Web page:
Parenting has its unique set of challenges, one of which can be a toddler resisting pooping on the potty. This is a common hurdle that many parents face, despite their children having no issues passing urine in the toilet. Indeed, some toddlers will only poop when they are in the comfort of a diaper or Pull-Up. There are typical reasons why toddlers resist pooping on the potty and as we consulted specialists, it’s clear this problem can be addressed with a well-understood approach, allowing your child to use the toilet successfully.
There’s a Chance Your Toddler Isn’t Quite Ready for Potty Training
According to Ari Brown, M.D., if your child refuses to defecate in the potty, they may not be ready to quit the diapers. Always look for signals of preparedness before beginning toilet training, such as an interest in the potty, dryness for at least two hours a day, hiding during bowel movements, or letting you know when the diaper is soiled.
If your child does not show any of these characteristics, underwear independence is probably not the right moment. According to Kristin Hannibal, M.D., clinical head at Children’s Hospital of Pittsburgh, “Training won’t help if your child isn’t ready or willing to learn. Diapers are great, but sometimes it’s best to wait a month or two before trying again.”
Possible Constipation in Your Toddler
If a youngster gets constipation even once, they will likely try to avoid it in the future. That’s why they might try to suppress their bathroom needs every time they arise. To make matters worse, holding in waste simply makes it harder and more unpleasant to pass when the time comes.
If you believe constipation contributes to your child’s difficulties with potty Training, you should consult your child’s pediatrician. To clear the backed-up feces, doctors typically advise using a mild laxative over the course of many days or weeks. You may be advised to increase your child’s intake of fruits, vegetables, and water as part of a high-fiber diet that is crucial for long-term success. Before starting toilet training, a poop withholder needs to establish a regular pattern of light, easy bowel movements.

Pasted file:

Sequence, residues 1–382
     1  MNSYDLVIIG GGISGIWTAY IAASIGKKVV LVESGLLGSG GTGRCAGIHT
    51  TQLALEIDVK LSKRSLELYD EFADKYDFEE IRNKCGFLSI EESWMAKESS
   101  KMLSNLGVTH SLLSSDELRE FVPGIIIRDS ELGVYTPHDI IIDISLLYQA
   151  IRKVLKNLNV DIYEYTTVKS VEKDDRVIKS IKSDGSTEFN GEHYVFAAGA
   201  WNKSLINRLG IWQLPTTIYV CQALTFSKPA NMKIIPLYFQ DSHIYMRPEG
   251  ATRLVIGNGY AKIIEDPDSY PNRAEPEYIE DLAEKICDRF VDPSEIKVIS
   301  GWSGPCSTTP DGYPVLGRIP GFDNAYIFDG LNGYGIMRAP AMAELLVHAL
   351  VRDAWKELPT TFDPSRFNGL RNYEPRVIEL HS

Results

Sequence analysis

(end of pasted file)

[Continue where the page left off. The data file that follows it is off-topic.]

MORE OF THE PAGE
The Fear of Pooping on the Potty Could Be Holding Back Your Toddler
“Pooping into the toilet is scary for a lot of kids,” says Adiaha Spinks-Franklin, M.D., a pediatrician with the Meyer Center for Developmental Pediatrics at Texas Children’s Hospital in Houston. When they defecate, they may feel as though a vital organ is leaving their body. Or they might be concerned by the prospect of being sucked into the toilet, or they might not enjoy it if water spills against their bottom.
Dr. Brown recommends using this method of slow, steady steps to assist your child to conquer their fears:
- To begin, a diapered child can defecate, but only in the bathroom.
- After a week or so, have them sit on the potty while they defecate in their diaper.
- The next time your child needs to use the restroom, have them wear a diaper to the bathroom by cutting a hole using scissors. While their waste is being collected in the toilet, they can still feel the comfort and security of the diaper.
- They’ll be ready for underwear once the diaper’s hole has been worn for around a week.
Does your kid have more trouble flushing than other toilets? Get them used to the look and sound by having them practice with bits of toilet paper. You can either flush immediately or wait for them to exit the room.
Your Toddler May Be Seeking Power and Control
Some kids would rather sit in their dirty diapers and make a statement than obey their parent’s requests. Child and family psychologist Dr. Allison Chase advises, “Take a step back and try not to get into a power battle. As a parent, learning to detach is a crucial ability.”
The solution is to stop using diapers and teach your child to take care of their bodily wastes. They can divide and conquer the task of cleaning up after mishaps. Some parents recommend giving a treat after a successful potty-use session.
Meaningful articles you might like: How to Handle Sleep Regressions in Toddlers, 4 Reasons Toddlers Refuse to Poop in the Potty, Creating A Family Schedule For Toddlers and Younger Children